What is Brake fluid? How it Works?

The braking system incorporated into an automobile is one of the major parts of the automobile itself. While the engine, gear system, steering, wheels, etc. are important parts, the brake is comparatively more important part that offers a kind of protection to the driver, owner, or the travelers. This has been the same from the beginning. Over the past years, to be precise from the introduction of automobiles on the market, brakes have undergone several modifications and changes. Today, hydraulic brakes are one of the most efficient and advanced automobile braking systems in the world.

To know more about the hydraulic braking system, you should first know about brake fluids and how it works. Here is everything you need to know.

Brake fluid

What is brake fluid?

Brake fluid is simply a type of fluid that is designed in such a way that it could be used in the hydraulic brakes. When compared to other types of automobile fluids, the brake fluid is different, they are designed to be least compressible, which, in turn, increases the efficiency of braking.

Brake fluids commonly come with lubricant and anti-corrosion features which, no matter what, makes sure that the braking system remains intact. Today, there are different types of good brake fluids available based on their chemical composition and properties. A brake fluid could be glycol-based, silicone-based, or mineral based fluid, it depends on the type and compatibility.

How it works?

A braking system in your automobile is filled with brake fluid, when you step on the brake pedal, the force you exert on the pedal forces a small piston inside the brake caliper to compress, squeezing the brake rotors that slows down the automobile. This is the simplest way of explaining how brake fluid work.

A more detailed version of the explanation would include precise details on how brake fluid works. As mentioned, when the user steps on the brake pedal, the force is not transferred to the brake rotors magically, but through brake lines that diverts the forces to all brake rotors. This is where brake fluids come in, these brake lines are filled with brake fluid, and the brake fluid carries the force to the brake rotor. Without brake fluid inside the brake line, the force is not transferred, which means the brake does not work.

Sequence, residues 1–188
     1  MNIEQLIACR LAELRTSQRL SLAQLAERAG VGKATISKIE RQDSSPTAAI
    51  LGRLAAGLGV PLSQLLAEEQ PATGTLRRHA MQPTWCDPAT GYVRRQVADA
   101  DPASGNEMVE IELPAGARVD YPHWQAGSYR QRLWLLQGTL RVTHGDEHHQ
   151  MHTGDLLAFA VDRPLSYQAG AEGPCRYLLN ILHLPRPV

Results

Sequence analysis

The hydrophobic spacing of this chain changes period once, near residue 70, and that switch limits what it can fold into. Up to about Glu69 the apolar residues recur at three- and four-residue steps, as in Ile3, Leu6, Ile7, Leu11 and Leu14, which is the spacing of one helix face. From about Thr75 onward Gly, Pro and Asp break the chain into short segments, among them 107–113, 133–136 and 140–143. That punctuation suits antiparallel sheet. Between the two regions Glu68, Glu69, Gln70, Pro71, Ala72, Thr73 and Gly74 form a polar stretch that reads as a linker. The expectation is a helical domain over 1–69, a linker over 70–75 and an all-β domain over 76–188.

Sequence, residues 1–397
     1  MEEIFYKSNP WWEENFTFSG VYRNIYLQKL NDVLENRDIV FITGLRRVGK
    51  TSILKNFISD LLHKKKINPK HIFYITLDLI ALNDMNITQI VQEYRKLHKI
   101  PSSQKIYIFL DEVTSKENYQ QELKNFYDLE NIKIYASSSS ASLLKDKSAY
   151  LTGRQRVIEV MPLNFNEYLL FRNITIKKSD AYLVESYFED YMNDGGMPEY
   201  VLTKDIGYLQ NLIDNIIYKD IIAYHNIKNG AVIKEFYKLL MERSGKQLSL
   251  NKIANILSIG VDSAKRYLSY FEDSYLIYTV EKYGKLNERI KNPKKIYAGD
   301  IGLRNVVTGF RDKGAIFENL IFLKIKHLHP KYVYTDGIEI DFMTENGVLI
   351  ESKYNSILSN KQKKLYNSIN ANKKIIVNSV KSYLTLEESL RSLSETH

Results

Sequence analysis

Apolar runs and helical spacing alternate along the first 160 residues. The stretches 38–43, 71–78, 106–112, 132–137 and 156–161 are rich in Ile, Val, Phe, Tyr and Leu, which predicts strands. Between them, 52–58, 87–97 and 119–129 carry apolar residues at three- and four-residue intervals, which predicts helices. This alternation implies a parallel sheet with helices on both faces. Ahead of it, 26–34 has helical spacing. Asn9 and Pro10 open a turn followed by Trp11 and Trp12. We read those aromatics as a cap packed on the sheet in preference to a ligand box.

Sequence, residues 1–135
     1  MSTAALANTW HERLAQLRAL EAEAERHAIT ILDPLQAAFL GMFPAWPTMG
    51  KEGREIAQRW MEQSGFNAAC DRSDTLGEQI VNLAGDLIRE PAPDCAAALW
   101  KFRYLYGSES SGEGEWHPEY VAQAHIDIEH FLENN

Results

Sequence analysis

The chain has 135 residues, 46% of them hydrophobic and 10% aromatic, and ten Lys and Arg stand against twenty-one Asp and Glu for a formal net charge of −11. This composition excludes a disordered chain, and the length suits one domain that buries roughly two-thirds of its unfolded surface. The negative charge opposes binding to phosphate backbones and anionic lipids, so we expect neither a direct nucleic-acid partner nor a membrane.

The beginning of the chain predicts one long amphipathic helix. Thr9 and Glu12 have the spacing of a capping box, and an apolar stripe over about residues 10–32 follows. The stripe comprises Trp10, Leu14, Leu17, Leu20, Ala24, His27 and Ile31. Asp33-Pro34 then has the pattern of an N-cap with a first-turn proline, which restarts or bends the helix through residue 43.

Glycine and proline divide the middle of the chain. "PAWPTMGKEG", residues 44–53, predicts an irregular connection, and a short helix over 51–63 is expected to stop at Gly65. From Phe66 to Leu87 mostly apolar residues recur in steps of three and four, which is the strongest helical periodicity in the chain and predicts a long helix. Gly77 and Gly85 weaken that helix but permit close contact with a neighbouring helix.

Brake fluids are always non-compressible and hygroscopic, which, in turn, allows all the energy or force exerted on the brake pedal to be converted into braking pressure that squeezes the brake rotors on the wheel and slows the automobile. Most people commonly overlook brake fluid, the brake fluid is not as simple as it seems, while braking there is a lot of friction that creates heat, which tends to boil the fluid. But, the braking fluid should be such a fluid that does not boil and lose its non-compressible feature or evaporate such temperatures.

If the braking fluid overheats or boils, it creates air bubbles in the braking system, this is not good. Air bubbles or air in the braking system reduces braking efficiency. As you know, air could be compressed and the presence of air or air bubble in the system consumes the braking pressure, therefore, preventing the brakes from functioning properly.

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